Adoption dream is within reach for DRC orphan

By Christina Cavener, Special Contributor

Surrounded by smiling faces in the Democratic Republic of Congo, Brittany Burrows and I ask the orphans, “What is something you would like to pray for?” Over and over the children respond, “I want to give thanks to God for being alive.”

Christina Cavener

No concerns, just giving thanks. Finally a child named Emmanuel Kampalu says that his only prayer is that he would be able to walk one day. Born without legs, Emmanuel was thrust into the world as an outcast and sent into the streets to starve. Alone without parents and crawling with his bare hands and nubs, begging for food, he was found by a social worker who brought him to the Methodist orphanage Jamaa Letu. He describes the orphanage as his saving grace.

Emmanuel is a survivor. He is one of the happiest children I have encountered. He sings praise to God nearly every day, giving thanks. His friends look up to him for guidance and he is always making jokes with them. Emmanuel plays soccer every day regardless of the physical difficulties. Rarely will you hear him complain. Full of resilience, Emmanuel shines the light of Christ to those around him. By just being himself, he is a witness to the work that God can accomplish in this world. Emmanuel is “God with us.”

Moved by Emmanuel’s prayer, Brittany and I decided to act. Serving as missionaries in the DRC, we contacted our families, friends and churches in the North Texas Conference. Soon, money came pouring in and we received funds for Emmanuel to get preparation surgery for prosthetic legs. Two years later, in 2011, we returned to the Congo with resources from the International Foundation for the Physically Disabled and the hospital in Congo called Wote Pamoja. Emmanuel’s prayer was answered. For the first time in his life, we watched Emmanuel take his first steps. With a smile on his face, he exclaimed, “Mungu Bariki!” which means “God bless you” in Swahili. It brought him such joy to know that so many people care and love him all over the world.

In November 2011, I was asked to write an article about Emmanuel for the United Methodist Reporter. A couple months later, Michelle Hilton, the wife of a United Methodist pastor named Gary Hilton in Pennsylvania, contacted me to let me know that they had read my article and were praying about adopting Emmanuel. Brittany and I had been working with Emmanuel since 2008 and this had been our prayer for him all along. I sobbed and couldn’t believe my eyes when I read that email. A rush of joy and peace washed over me. There was nothing more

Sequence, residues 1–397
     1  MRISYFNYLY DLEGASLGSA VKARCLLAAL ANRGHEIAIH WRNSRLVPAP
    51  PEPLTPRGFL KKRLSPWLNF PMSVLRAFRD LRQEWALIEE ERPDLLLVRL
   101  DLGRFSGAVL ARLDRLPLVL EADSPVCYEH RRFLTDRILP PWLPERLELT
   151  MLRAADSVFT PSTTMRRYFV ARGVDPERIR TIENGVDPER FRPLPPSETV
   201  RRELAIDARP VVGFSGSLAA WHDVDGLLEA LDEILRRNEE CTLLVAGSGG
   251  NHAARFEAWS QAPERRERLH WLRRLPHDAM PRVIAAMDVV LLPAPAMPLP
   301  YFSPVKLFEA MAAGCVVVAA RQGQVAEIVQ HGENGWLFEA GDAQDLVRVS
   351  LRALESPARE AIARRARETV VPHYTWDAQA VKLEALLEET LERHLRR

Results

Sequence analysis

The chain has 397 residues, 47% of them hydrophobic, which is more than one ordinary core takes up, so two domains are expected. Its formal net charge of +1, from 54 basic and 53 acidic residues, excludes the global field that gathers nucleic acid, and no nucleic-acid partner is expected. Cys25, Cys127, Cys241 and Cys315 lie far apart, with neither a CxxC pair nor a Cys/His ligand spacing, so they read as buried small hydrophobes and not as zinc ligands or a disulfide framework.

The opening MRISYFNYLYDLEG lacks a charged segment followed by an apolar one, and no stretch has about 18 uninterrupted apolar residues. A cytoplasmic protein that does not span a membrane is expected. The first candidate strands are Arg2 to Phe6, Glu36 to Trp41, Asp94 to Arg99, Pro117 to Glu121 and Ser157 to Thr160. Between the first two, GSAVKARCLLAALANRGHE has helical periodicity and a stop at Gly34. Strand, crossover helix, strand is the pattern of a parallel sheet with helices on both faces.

comforting than to know that my baby in the Congo would be taken care of for the rest of his life. My prayers were being answered.

Finishing the journey

Adopting a child from the DRC can be quite difficult. It is a long, tedious process that is incredibly expensive. There are numerous fees and obstacles to bringing Emmanuel to the United States. Grace UMC of Dallas contributed $2,000. In addition to this, some private donors from across the U.S. have felt called to give. While that’s a good start, we still need to raise about $18,000 more.

The North Texas Conference churches have supported Brittany and me with Project Emmanuel since 2008 by providing funds for Emmanuel’s surgery and prosthetic legs, donating money for mosquito nets, healthcare, education, mattresses, clothing, books, kitchen supplies, shoes, toys and a tutor for the children at the Jamaa Letu orphanage. We are incredibly grateful for the conference and every individual’s support, love and generosity. We have come a long way and now it’s time to finish the journey by bringing Emmanuel home to his new family, the Hiltons.

To find out more about the Hiltons, visit and search for the article, “Call and answer: Local minister took circuitous path to pulpit.”

Emmanuel is incredibly excited and every day he asks, “When do I get to meet my new family?” Visit our Facebook page “Bring Emmanuel Home” for updates, or you can email me at or Brittany at for specifics on how to help.

We have already witnessed the miraculous work of God’s grace. And we look forward to seeing Emmanuel’s dream come true as those who are touched by his story help “bring him home” to the Hiltons and to his growing extended family.

Ms. Cavener is youth minister at Grace UMC in Dallas.

Special Contributor to UMR

Special Contributor

This story was written by a special contributor to The United Methodist Reporter. You may send your article submissions to

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